In a world of 3-D CGI movies, stop-motion animation might seem obsolete. But Megan Turnbull has turned the art of moving little paper sculptures across handmade sets into a promising career. The Winnipeg native began her animation career with stop-motion collaborations at the 2010 Mini Maker Faire and Spins + Needles. This month she brings her artistic eye to the Ottawa International Animation Festival (Sept. 18-22) as part of the six-member jury.
What’s it like to return to Ottawa as a judge for the Ottawa International Animation Festival?
I’m excited. I’ll see more films than ever before — because I have to.
How would you describe your time in Ottawa?
I really like this city. I have a hard time with people in Ottawa who are always so down on it. I’m actually working on a project right now called “Five Steps to Enjoying Ottawa.”
Your work includes both personal artistic projects and films for corporate clients. What’s it like straddling the two worlds?
Some artists might say they don’t respect you for working with clients — for selling out. Sometimes I feel I don’t belong anywhere — not in the art world or in advertising. But I’ve actually really enjoyed the corporate projects. It can be really fun to take a message and have fun with it through stop-motion animation.
You have a degree in landscape architecture. What made you change tack and get into animation?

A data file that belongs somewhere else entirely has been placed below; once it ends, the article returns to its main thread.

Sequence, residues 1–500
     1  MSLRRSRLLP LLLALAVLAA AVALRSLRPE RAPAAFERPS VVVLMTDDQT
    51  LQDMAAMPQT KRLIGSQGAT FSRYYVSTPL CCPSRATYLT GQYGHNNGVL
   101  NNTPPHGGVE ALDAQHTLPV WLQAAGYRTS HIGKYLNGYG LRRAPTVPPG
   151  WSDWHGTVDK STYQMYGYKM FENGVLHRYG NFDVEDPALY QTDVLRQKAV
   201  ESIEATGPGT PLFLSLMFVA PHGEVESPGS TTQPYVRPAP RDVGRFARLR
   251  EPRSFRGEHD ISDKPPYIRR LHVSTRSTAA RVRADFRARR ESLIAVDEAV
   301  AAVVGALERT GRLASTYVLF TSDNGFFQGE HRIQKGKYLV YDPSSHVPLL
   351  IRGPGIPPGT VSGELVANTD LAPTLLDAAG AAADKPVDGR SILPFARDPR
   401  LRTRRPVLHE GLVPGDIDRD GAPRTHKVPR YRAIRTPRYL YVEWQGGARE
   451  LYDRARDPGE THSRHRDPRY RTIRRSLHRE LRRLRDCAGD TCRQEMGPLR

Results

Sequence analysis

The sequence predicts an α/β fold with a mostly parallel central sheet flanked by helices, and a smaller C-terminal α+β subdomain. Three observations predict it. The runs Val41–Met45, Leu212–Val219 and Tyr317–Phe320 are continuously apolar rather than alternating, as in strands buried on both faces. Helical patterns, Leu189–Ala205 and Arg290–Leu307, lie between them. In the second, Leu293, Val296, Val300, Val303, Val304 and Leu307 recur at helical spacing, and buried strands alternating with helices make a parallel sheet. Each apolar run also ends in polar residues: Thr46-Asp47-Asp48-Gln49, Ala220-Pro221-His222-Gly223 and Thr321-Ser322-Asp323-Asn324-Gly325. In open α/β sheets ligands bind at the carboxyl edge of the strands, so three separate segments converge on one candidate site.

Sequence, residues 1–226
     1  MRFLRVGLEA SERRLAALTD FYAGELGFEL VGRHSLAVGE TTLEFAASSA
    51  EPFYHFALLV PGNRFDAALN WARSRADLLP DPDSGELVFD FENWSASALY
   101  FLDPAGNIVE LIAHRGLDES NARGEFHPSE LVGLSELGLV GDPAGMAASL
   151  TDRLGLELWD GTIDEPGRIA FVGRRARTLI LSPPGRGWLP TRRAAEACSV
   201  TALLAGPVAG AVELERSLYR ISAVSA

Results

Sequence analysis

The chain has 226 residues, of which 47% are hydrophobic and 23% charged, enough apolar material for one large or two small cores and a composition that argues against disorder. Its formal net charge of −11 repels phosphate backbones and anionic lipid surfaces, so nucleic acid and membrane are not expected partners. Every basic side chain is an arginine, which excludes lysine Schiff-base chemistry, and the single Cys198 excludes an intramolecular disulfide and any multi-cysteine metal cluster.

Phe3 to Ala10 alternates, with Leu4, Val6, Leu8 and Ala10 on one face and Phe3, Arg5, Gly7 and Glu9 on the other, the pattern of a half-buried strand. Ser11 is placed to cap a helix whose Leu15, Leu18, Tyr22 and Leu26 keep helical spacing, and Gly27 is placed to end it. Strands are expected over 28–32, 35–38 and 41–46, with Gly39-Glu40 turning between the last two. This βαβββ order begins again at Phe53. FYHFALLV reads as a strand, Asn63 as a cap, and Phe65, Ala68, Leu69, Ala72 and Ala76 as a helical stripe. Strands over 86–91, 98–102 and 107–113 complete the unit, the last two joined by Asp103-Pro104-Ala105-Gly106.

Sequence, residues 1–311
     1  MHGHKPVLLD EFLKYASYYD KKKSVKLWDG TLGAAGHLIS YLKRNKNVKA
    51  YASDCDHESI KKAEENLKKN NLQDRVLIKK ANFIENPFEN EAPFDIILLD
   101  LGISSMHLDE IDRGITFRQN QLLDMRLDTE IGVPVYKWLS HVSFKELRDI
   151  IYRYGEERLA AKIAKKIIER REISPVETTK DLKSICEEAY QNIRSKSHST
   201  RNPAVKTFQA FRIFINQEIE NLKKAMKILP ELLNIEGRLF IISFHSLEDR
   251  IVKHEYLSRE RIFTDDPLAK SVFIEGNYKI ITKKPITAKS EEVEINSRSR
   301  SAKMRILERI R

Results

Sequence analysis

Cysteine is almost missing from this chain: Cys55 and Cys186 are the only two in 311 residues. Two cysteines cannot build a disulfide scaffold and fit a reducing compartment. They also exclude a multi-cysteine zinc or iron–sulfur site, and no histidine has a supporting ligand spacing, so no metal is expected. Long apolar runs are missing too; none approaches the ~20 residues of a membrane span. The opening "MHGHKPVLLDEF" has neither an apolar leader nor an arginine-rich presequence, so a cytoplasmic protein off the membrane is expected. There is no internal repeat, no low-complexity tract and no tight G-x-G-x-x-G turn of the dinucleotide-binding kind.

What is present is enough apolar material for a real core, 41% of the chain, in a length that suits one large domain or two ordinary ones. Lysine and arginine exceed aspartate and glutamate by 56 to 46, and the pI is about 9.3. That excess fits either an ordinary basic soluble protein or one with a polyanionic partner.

I worked as a landscape architect in Hong Kong and Dubai. I got into the field because I wanted to do stuff for the public — I wanted to tell stories through space. But even public spaces are for the paying public: the project in Dubai was for a series of canals that had to be big enough for a 100-foot yacht. I decided that if I can’t influence the people who I feel would really benefit from these projects, I might as well tell the story some other way.
Your films have been screened across Canada and abroad. What screenings have meant the most to you?
Unlaced at Electric Fields in 2010 was a 3-D screening, so it was a real crash course for me. And it was really neat to see it screened in my community. Also, when the CBC bought my film Adventures of Problem Solving Superhero [in 20xx], it encouraged me to be more playful in my work.
You founded COmotion in 2010 as a collaborative stop-motion initiative. Since then it has been used in a variety of settings, from schools to art galleries and special events. What is it about stop-motion animation that works so well in a group setting?
It’s 24 frames a second, which means a lot of moving and clicking, and that’s more fun in a group.
You have had a lot of success with scholarships and grants — most recently with the SSHRC. Any tips?